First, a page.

PV0915_AllowsDataBig data has become a big topic. The conversations, buzz, articles, blogs, conferences, consultancies, and technologies have spiked in recent years. A search of the term “big data” on any search engine, which serves as a good guide for social interest, shows a strikingly astronomic growth over the past 12 months. The velocity of big data conversation buzz and searches compares to that of social media in late 2008 through 2010.

Because of the larger and more diverse nature of information contained in big data, such a dataset could theoretically hold a larger set of insights that could translate into major wins for businesses and brands.
For example, a dataset rich in consumer perceptual and behavioral footprints should allow firms to answer hitherto impossible questions and translate into significant competitive wins. Big data benefits can be grouped into three broad categories: consumer insights, organization intelligence, and operational benefits:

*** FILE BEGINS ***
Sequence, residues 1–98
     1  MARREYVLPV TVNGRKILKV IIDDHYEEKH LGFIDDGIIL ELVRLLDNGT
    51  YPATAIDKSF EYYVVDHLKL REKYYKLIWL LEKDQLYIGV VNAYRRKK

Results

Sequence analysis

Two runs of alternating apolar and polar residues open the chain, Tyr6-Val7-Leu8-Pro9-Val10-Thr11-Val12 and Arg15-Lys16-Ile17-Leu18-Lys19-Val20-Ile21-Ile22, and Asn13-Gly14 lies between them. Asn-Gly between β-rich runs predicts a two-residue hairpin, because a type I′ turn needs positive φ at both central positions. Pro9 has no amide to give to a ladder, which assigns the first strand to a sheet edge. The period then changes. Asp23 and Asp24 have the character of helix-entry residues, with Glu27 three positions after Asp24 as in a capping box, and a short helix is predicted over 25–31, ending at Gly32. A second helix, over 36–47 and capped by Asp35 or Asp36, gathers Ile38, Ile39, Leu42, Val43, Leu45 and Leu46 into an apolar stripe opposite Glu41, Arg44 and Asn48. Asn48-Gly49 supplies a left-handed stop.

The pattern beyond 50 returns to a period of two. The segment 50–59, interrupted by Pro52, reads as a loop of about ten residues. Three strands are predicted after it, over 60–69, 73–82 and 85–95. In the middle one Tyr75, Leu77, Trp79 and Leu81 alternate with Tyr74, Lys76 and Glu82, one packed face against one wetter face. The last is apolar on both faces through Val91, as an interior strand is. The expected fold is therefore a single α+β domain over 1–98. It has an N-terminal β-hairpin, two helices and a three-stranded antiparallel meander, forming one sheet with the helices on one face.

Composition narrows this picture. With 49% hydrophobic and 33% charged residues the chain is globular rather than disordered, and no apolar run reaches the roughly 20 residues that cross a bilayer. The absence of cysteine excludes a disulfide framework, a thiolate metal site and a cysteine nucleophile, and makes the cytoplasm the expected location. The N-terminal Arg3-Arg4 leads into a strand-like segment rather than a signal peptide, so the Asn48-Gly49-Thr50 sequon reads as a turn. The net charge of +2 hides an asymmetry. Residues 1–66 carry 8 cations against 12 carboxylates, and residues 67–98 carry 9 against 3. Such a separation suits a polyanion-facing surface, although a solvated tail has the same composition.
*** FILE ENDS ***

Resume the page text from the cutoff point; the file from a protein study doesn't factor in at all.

Better consumer insights
Better contextual intelligence
Improved internal operational processes

Despite the big data buzz and its benefits, is a focus on big data the right conversation for building data analytics credibility and strategic relevance? One can predict with some certainty that big data is a temporary hype that will limp and fade away: too data-focused to matter in the long run. How exiting are the terms “customer level data,” “cookie data,” “large data sets,” or “patient level data” today? These are mere descriptors. Worthy, lasting and relevant ideas are those that pertain to an idea, a concept, or an approach, like customer relationship management, multichannel (which we have our roadmap for) optimization, or competing on analytics.